Who’d have guessed that upon discharge, the human dregs that made up the population of Gitmo would have returned to the cesspool from whence they came.
There’s just no telling what people will do.
Pentagon spokesman Geoff Morrell said 18 former detainees are confirmed as “returning to the fight” and 43 are suspected of having done in a report issued late in December by the Defense Intelligence Agency.
Morrell declined to provide details such as the identity of the former detainees, why and where they were released or what actions they have taken since leaving U.S. custody.
“This is acts of terrorism. It could be Iraq, Afghanistan, it could be acts of terrorism around the world,” he told reporters.
Morrell said the latest figures, current through December 24, showed an 11 percent recidivism rate, up from 7 percent in a March 2008 report that counted 37 former detainees as suspected or confirmed active militants.
As egregiously academic as it to have to make this point (but I do so knowing that I am dealing with the morally bankrupt), to allow just one of these killers – who, incidentally are not afforded the same rights as American citizens, nor should they be – to blend back into the murderous community of lowlifes that look to do as much harm to this country as possible is one person too many.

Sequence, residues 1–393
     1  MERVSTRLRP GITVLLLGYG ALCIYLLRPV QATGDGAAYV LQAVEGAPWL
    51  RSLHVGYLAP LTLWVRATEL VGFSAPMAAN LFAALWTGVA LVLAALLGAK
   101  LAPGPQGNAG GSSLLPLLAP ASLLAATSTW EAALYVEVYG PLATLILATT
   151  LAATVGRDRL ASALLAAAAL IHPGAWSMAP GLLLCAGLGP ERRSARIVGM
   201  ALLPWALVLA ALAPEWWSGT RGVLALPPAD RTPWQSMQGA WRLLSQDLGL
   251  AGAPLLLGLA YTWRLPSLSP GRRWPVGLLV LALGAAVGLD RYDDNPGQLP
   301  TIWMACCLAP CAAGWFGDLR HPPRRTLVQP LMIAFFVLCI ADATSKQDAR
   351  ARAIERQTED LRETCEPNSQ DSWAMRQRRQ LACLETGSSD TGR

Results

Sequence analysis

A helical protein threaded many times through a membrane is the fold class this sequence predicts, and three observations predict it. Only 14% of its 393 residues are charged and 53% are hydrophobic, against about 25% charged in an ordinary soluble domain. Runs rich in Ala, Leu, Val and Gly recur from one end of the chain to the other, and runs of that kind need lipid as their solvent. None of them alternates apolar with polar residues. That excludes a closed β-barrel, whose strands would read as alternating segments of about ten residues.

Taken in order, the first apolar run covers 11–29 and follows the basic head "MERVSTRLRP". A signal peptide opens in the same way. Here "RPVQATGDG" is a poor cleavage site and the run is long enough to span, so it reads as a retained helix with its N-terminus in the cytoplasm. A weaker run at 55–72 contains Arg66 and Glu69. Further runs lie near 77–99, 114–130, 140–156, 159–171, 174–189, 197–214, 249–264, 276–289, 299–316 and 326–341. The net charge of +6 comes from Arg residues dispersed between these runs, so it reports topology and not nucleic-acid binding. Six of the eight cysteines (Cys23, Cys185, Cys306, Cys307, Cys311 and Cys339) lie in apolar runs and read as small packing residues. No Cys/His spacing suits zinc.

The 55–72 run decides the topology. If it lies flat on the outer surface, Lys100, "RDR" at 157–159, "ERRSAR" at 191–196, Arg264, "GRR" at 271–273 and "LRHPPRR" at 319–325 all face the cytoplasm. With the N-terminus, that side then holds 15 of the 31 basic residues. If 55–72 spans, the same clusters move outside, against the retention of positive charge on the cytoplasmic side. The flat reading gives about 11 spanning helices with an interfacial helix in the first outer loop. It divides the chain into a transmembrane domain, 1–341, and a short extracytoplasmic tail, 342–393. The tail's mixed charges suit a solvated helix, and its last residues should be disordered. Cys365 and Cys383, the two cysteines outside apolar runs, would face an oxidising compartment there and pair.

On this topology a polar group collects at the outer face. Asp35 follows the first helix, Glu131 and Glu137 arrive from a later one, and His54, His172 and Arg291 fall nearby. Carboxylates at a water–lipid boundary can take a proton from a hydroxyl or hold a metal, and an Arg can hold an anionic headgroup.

If, indeed, the closing of Gitmo is on The One’s agenda – and it almost certainly seems like it is – who can argue, with any degree of reasonability, that doing so is anything more than an act of vacuous symbolism? That to “undo” anything that is directly tied to the Bush administration carries far more weight with Big Bam than the actual practicality of keeping these dangerous killers under wraps?
Mr. Obama, what happens to these terrorists once Gitmo goes away?
Where do they go?
Are they sent to “better” facilities? Are they shipped to prisons with better human rights records?